Digital cross-connect system

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A digital cross-connect system (DCS) is a form of multiplexer. However, where a multiplexer is designed to combine lower-speed circuits onto a higher-speed transport facility, a DCS is primarily designed to transfer lower-speed circuits from one high-speed transport facility to another.

Historical Backdrop

Multiplexing is not a new concept. In telecommunications, electronic multiplexing was done even in the early telegraph network. However, once a signal was multiplexed onto a higher speed facility, it road with the over multiplexed signals to the terminus of the higher-speed circuit where it was demultiplexed.

Consider the situation that occurs when three such multiplexed facilities are being used to connect three branch locations to a central site. Any circuits from any branch to the central location are simply multiplexed onto the high-speed facility, and demultiplexed at the hub location. Consider what must be done, however, to build a circuit from one branch to another. It needs to be multiplexed from the branch to the hub, where it is demultiplexed. The circuit coming off one multiplexer is then cross-connected to another multiplexer to continue on to the other branch location. Every branch-to-branch circuit would need this type of cross-connect. Early in the age of telecommunications, this was done manually with a cross-connect panel and patch cables.

With the advent of digital circuits, however, this function could be performed by a single device. So today, rather than have three multiplexers and a manual cross-connect panel, the three high-speed circuits all terminate on line cards in a DCS. Within the DCS is a switching matrix that makes it possible to take a low-speed circuit from one high-speed facility, and electronically cross-connect it to another.

Benefits of a DCS

Clearly a DCS has the potential to significantly reduce cost. Rather than requiring an entire array of multiplexers and cross-connect panels to support the wide variety of circuit types in use today, a single large DCS can handle all of the work.

The DCS is also highly flexible. Unlike the manual process, the DCS can be configured remotely, and reconfigured without anyone touching a wire or fiber. The equipment primarily needs to be physically altered when a new facility is being connected to it.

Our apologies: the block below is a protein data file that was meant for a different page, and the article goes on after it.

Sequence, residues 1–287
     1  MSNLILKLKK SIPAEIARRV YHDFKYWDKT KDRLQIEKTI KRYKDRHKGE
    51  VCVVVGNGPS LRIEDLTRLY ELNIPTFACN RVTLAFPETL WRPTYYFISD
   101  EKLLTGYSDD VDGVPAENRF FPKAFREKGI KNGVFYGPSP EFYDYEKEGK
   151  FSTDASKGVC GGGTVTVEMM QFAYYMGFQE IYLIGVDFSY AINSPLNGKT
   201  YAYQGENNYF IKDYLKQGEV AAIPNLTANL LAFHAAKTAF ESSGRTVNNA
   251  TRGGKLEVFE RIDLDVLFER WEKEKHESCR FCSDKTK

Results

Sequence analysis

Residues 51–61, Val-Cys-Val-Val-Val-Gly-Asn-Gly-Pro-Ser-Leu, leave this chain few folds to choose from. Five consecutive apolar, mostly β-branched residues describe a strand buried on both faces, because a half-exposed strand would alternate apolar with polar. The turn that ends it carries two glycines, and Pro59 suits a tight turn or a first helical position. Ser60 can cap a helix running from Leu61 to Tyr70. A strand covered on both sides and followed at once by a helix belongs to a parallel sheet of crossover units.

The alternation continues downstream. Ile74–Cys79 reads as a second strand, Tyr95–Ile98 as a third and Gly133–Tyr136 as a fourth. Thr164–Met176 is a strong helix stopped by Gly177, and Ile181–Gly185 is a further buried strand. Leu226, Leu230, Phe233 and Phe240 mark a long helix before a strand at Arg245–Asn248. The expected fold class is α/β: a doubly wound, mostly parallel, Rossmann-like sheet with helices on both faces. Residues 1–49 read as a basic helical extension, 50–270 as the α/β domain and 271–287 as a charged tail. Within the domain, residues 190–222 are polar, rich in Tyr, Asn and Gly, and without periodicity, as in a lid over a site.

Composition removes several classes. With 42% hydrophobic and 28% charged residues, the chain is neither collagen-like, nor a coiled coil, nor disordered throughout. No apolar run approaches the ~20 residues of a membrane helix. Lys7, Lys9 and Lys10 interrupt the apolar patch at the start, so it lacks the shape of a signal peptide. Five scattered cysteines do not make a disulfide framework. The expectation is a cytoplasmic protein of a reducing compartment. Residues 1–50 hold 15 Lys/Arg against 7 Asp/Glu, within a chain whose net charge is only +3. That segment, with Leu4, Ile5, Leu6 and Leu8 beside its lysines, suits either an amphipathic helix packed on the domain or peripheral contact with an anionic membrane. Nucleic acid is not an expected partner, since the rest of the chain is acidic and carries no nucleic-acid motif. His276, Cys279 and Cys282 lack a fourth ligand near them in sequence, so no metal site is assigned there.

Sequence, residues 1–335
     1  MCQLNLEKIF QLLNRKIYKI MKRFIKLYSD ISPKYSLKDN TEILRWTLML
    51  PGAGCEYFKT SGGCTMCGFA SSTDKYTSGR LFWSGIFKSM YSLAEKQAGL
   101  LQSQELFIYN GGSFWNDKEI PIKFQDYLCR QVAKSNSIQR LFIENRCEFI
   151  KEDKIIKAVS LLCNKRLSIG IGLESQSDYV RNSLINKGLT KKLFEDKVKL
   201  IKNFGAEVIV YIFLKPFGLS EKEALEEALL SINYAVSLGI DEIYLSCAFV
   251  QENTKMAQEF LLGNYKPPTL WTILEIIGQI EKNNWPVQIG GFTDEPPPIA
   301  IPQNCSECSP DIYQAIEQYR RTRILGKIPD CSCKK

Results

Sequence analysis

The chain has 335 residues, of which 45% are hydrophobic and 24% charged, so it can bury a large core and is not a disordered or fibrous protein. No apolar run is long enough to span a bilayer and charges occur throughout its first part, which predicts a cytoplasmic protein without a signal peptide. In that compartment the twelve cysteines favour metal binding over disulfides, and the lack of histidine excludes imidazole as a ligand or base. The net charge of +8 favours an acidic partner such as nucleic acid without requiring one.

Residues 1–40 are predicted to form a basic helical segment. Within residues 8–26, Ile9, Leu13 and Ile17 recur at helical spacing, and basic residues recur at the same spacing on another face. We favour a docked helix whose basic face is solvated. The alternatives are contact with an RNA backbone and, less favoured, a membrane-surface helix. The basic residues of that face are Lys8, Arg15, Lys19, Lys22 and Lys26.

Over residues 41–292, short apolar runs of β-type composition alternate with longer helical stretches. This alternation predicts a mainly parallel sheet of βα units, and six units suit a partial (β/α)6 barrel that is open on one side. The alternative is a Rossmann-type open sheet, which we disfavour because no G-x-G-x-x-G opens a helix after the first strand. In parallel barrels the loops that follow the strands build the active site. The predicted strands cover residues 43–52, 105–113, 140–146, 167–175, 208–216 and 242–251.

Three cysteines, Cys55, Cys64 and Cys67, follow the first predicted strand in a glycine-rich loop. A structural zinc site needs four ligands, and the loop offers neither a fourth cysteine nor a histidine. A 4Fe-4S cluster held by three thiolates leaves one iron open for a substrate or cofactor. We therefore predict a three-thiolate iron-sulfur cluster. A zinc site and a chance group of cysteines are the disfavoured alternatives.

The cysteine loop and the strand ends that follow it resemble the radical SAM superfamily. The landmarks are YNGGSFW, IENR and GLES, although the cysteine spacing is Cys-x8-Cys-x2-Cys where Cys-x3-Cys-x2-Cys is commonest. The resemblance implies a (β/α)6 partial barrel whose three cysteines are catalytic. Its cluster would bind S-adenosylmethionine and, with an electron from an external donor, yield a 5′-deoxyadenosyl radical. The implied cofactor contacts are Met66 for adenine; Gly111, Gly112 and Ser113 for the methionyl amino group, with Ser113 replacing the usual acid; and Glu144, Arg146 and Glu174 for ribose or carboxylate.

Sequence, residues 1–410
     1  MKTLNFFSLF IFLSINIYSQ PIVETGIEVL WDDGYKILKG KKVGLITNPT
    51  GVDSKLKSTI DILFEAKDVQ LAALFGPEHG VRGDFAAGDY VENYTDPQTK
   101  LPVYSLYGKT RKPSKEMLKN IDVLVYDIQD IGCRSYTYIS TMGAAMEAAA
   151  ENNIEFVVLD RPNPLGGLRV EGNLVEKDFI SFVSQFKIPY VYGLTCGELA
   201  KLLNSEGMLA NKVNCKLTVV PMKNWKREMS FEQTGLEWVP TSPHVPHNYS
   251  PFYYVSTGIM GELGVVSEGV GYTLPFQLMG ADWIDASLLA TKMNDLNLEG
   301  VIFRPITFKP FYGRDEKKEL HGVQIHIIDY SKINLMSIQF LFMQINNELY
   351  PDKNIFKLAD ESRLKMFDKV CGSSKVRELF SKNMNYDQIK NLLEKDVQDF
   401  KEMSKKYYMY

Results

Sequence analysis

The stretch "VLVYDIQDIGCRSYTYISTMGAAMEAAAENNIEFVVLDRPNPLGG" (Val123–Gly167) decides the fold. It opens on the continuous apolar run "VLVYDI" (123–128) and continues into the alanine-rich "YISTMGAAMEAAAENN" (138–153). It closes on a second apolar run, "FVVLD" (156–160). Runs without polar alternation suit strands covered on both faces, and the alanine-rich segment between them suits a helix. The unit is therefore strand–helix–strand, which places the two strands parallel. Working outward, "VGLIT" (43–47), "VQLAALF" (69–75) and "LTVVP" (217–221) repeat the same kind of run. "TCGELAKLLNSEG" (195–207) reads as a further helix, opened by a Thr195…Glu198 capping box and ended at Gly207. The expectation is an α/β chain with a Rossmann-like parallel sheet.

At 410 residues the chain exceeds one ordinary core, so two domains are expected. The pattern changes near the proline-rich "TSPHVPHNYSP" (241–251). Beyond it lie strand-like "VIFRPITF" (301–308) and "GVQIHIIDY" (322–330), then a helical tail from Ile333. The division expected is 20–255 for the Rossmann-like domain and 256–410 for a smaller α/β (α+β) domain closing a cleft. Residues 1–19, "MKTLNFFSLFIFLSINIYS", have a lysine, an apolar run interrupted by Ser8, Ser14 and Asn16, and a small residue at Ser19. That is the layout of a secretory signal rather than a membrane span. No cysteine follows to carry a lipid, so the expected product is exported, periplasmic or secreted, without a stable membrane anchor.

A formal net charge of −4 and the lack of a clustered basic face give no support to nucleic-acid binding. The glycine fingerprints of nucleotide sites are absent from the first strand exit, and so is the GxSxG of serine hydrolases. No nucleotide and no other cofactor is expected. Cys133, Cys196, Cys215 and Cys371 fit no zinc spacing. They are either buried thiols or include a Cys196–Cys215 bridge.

Although a DCS can be used in many places in a telecommunications network, they are most commonly found in central offices and other carrier communication hubs (e.g., the main telecommunications center of an MSO).

DCS vs. Switch

A DCS performs a function very similar to a circuit switch. Consider what a Class 4 voice switch (e.g., a tandem switch) or an IXC POP does; it takes a DS-0 circuit carrying a telephone call, which arrives on one digital, multiplexed trunk, and cross connects it to another digital, multiplexed trunk. Based on this, the devices appear to be identical.

In fact, they are very similar. The primary difference between them is that the switch assembles and disassembles circuits dynamically, in response to signaling requests by the end user (e.g., dialing a telephone number). The DCS, on the other hand, is pre-programmed and does not alter its configuration until someone alters its programming. So where a circuit switch would be used to support such things as POTS and ISDN dial services, a DCS would be used to build private lines or leased lines. They can also be used to build the trunk circuits that are used to interconnect the voice switches.

That being said, the industry has done much to muddy the waters. Today, there are more and more DCSs that can be remotely reconfigured by customers on demand, and the industry is moving rapidly to high-speed, dynamically configured circuits. So the line between a circuit switch and a DCS is blurring.

See Also

PodSnacks

<mp3>http://podcast.hill-vt.com/podsnacks/2008q1/dcs.mp3%7Cdownload</mp3> | Digital cross-connect system (DCS)